The biomechanics of fat: From tissue to a cell scale

Naama Shoham, Amit Gefen

Research output: Chapter in Book/Report/Conference proceedingChapterpeer-review

Abstract

Adipose tissues are weight-bearing biological structures that are involved in central medical problems such as obesity, diabetes and their comorbidities. Their biomechanical properties are relevant in several fields such as cosmetics, acute and chronic wound treatments, implantable drug delivery systems, and plastic surgery. In this chapter, we relate the mechanical behavior of the adipose tissue continuum to the biological activities of adipocytes. We demonstrate that first, at a macroscopic scale, the mechanical behavior of adipose tissues depends on the anatomical site and hence on physiological function. At a microscopic scale, mechanical function such as cell stiffness properties depends on the triglyceride contents that in turn depend on the level of differentiation, which has recently been shown to be regulated by mechanical loading. Hence, based on the empirical data, we propose a novel hypothesis regarding structure–function–adaptation processes and relationships in fat, which might open new research paths for studying adipose-related diseases from a biomechanical point of view, involving the mechanotransduction and structure– function–adaptation concepts that are well known to exist for other tissues but were so far very poorly studied in fat.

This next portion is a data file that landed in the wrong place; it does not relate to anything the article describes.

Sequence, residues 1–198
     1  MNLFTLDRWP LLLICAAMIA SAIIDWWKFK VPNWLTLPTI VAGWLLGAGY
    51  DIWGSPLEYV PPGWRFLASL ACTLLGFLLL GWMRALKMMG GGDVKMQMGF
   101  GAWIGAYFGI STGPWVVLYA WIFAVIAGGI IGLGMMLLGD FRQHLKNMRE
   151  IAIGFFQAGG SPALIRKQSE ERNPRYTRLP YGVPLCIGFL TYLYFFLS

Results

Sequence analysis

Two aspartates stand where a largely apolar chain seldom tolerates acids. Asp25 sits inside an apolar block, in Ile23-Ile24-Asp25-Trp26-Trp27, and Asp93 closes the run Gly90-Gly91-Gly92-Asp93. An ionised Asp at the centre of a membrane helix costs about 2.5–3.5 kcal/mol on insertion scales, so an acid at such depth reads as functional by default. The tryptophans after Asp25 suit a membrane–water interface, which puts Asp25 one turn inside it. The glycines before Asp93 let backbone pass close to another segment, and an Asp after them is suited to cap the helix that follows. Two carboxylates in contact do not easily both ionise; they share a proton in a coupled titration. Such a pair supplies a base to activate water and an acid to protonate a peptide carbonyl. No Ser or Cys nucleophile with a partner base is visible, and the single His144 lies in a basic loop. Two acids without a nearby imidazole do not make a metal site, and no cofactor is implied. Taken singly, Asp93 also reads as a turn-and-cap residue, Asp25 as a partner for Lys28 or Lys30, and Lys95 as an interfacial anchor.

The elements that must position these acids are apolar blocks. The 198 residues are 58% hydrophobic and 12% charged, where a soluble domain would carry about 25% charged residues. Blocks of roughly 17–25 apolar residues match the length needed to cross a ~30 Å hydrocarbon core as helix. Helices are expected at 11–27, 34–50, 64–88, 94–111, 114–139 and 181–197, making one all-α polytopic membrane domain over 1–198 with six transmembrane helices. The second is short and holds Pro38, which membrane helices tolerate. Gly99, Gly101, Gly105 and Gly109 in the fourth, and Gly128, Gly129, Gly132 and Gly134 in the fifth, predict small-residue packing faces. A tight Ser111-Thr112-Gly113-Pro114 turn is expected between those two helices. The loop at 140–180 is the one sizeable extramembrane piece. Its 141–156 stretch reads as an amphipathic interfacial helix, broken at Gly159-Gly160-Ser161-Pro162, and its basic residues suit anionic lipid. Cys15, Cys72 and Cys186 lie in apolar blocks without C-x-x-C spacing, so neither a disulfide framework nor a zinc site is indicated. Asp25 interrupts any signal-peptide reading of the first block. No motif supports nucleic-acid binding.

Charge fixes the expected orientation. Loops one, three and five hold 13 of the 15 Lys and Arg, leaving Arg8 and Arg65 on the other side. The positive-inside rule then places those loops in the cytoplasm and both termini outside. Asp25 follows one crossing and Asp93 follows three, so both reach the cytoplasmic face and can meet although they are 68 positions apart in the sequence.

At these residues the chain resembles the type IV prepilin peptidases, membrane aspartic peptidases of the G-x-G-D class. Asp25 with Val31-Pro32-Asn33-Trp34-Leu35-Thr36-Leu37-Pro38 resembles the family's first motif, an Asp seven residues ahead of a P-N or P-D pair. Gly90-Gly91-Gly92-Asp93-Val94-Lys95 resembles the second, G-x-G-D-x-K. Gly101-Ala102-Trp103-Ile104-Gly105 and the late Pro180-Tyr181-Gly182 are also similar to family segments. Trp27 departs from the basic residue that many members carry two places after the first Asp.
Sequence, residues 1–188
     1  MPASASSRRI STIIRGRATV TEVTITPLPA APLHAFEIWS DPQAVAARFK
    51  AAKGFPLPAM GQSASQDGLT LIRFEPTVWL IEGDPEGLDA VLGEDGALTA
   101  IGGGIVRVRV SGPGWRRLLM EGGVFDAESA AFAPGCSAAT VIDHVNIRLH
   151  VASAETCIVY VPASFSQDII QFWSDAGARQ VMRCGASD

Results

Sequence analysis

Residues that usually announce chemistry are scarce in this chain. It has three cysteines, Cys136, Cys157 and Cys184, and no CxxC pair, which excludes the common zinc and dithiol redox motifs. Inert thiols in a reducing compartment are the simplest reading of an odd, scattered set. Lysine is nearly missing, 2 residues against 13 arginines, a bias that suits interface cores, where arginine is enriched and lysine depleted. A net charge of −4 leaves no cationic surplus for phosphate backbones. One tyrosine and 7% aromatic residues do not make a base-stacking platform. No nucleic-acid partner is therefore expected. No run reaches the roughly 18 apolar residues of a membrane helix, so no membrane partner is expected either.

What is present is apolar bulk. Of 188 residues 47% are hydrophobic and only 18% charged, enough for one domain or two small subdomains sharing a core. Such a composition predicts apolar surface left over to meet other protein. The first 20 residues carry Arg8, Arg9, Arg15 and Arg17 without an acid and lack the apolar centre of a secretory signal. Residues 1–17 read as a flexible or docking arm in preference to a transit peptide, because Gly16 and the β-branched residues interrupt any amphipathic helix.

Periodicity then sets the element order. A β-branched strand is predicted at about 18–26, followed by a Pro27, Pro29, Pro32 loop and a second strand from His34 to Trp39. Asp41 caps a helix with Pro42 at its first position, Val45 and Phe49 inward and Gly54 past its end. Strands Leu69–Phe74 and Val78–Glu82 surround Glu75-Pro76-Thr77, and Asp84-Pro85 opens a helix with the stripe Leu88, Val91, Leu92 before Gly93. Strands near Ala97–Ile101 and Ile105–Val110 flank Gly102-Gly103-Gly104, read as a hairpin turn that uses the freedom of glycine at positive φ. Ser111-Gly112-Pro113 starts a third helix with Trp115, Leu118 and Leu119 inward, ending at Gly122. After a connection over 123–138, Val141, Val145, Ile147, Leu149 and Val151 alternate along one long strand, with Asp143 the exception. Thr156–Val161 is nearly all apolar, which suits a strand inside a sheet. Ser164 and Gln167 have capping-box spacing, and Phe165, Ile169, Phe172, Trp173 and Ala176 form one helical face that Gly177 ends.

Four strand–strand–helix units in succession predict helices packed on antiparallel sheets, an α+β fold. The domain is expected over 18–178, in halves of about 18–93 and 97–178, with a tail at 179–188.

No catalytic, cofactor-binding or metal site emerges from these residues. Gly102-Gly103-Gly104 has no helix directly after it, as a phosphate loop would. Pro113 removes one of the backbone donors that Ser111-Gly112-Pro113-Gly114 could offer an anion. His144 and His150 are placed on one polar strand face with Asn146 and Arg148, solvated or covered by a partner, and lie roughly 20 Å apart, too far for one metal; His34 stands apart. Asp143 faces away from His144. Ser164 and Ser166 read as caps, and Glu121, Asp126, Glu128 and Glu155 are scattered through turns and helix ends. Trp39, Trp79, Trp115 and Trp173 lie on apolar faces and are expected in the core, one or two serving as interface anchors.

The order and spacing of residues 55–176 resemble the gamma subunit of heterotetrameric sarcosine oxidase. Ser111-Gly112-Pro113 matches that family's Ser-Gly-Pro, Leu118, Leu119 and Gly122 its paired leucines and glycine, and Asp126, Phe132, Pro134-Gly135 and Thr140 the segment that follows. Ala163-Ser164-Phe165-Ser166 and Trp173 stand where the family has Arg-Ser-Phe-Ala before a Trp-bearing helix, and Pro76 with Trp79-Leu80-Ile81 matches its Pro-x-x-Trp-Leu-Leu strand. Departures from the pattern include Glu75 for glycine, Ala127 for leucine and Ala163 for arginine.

Original languageEnglish
Title of host publicationStructure-Based Mechanics of Tissues and Organs
PublisherSpringer US
Pages79-92
Number of pages14
ISBN (Electronic)9781489976307
ISBN (Print)9781489976291
DOIs
StatePublished - 1 Jan 2016

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